I was bitten by a dog today. Luckily, it wasn’t severe.
When a dog bites a human, it is my job to understand the motivation behind it. Is the dog being overly playful or aroused, and lacking in self-control? Is he scared? Is she trying to cause harm/vicious?
These are some of the factors I take into account when assessing a dog bite:
- Where was the bite located?
- What were the injuries?
- What was happening right before the bite?
- What happened directly after?
The location of the bite tells me a lot. Bites on hands typically mean the dog was frightened, and felt confronted. Bites on the back of legs typically mean the dog was biting due to fear as the person was moving away, while nips to the calves or feet can be related to self-control (and are common with herding breeds). Bites to the face are often the result of being in a dog’s face/space and typically caused by the human not respecting a dog’s communication signals. Bites to the arm, stomach, back and front of leg are oftentimes seen with a dog who is truly aggressive, especially if the dog shakes the human when he bites. Keep in mind, these are generalities, as other factors must be taken into consideration.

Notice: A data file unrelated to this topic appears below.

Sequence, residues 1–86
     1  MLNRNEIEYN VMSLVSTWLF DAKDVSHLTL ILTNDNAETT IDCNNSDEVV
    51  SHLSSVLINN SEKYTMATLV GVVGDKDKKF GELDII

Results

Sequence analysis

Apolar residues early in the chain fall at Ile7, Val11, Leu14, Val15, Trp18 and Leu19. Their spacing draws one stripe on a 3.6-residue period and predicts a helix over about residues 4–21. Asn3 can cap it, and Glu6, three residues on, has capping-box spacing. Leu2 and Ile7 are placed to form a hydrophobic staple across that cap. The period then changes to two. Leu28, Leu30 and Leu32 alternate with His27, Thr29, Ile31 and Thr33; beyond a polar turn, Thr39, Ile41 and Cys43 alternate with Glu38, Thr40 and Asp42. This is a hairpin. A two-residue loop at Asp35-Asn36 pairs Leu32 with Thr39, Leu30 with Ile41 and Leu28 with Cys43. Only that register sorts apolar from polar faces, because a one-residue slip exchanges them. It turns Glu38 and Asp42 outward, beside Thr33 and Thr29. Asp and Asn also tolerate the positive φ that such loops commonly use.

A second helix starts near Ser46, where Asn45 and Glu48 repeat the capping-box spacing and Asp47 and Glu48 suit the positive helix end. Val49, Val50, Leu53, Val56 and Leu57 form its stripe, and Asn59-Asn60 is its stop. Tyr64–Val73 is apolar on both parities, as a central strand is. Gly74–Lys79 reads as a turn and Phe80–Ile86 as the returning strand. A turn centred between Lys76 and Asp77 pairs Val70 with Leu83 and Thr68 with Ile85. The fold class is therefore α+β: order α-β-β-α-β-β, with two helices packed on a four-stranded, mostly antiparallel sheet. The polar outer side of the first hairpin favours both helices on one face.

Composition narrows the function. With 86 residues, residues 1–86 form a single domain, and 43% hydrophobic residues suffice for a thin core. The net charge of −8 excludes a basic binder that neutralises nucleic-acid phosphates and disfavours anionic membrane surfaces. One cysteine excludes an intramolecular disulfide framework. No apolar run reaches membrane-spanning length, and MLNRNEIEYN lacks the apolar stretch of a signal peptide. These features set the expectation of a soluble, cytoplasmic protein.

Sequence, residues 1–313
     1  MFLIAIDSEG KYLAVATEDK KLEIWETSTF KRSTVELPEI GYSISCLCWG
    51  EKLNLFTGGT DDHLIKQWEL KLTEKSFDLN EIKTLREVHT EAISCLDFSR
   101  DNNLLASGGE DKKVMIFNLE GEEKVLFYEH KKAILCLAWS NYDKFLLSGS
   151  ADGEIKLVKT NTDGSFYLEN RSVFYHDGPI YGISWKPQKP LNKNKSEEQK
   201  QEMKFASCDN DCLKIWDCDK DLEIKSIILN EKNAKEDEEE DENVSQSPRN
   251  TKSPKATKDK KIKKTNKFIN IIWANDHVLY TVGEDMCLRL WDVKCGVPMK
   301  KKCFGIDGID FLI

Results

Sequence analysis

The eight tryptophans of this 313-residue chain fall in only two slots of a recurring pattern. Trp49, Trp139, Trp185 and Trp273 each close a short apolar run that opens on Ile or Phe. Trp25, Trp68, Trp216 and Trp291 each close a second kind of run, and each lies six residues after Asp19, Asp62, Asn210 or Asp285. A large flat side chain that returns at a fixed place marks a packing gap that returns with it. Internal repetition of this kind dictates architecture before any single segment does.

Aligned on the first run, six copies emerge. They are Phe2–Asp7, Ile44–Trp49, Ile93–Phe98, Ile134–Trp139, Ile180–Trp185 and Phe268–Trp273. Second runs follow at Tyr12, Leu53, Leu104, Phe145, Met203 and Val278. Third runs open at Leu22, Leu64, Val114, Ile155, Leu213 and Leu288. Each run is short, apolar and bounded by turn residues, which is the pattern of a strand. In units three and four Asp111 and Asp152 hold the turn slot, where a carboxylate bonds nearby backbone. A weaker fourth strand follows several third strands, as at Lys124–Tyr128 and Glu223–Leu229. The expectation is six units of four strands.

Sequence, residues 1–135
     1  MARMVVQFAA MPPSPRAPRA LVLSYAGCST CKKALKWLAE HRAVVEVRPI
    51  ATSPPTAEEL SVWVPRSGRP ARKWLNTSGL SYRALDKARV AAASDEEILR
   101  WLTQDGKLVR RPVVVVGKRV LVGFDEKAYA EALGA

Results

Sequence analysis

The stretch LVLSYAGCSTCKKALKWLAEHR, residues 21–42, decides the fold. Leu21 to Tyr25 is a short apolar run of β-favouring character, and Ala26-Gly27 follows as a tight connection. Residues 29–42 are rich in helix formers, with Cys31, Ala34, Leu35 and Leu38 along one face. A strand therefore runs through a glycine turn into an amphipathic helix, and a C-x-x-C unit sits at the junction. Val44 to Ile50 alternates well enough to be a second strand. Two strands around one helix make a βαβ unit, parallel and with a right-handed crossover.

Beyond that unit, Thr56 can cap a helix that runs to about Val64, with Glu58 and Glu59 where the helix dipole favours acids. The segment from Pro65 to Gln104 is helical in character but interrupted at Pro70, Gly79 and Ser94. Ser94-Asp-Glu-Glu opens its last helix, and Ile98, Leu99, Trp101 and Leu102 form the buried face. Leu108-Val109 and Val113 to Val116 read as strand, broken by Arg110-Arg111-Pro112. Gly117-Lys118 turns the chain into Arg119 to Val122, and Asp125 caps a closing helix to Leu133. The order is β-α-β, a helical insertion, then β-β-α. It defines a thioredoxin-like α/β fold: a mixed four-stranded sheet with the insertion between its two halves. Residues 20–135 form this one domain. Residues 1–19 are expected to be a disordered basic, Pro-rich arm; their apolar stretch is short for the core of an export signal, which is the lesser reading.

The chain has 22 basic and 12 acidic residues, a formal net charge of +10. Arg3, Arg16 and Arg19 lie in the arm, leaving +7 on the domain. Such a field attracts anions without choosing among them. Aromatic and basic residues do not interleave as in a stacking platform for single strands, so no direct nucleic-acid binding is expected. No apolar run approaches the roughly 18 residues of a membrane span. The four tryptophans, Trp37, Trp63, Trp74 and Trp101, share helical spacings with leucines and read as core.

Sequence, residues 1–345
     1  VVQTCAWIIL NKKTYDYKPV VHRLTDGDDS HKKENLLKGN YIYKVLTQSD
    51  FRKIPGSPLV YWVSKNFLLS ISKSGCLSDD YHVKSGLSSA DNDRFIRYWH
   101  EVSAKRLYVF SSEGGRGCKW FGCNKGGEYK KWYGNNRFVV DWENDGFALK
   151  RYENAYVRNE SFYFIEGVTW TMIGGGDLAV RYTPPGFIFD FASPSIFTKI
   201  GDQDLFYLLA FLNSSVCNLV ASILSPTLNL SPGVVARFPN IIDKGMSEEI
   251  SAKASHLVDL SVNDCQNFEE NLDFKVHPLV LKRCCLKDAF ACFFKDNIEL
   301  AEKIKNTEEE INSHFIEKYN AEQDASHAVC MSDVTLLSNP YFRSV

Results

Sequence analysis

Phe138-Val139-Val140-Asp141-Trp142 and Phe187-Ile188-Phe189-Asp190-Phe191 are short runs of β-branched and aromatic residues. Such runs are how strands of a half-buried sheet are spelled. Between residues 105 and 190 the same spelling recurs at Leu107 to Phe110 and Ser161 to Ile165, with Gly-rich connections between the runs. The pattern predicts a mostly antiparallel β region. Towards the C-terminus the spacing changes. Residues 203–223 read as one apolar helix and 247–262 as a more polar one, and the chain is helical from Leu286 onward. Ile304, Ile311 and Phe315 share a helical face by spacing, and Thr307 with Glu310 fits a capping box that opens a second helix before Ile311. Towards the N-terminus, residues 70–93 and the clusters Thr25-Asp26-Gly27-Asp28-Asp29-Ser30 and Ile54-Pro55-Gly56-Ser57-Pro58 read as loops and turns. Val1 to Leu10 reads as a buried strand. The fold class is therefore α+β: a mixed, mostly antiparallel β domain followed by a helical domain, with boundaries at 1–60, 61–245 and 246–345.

Most bites can be explained and the behavior of the dog can be modified successfully. In a small percentage of cases, the motivation for the bite is unclear and behavioral modification is not successful. A professional with experience can determine the next path for the dog that bites. Euthanasia is often not on the table until behavior modification has been attempted. This takes complete commitment from a dog’s owner. There also must be acknowledgement that success isn’t always possible.
If your dog has ever bitten please reach out to a force-free trainer with experience in aggression and fear. If behavior modification isn’t attempted then another bite is guaranteed. Also, a dog that bites or has bitten could be living with fear and anxiety which can manifest in other scenarios and can cause other serious behavior issues.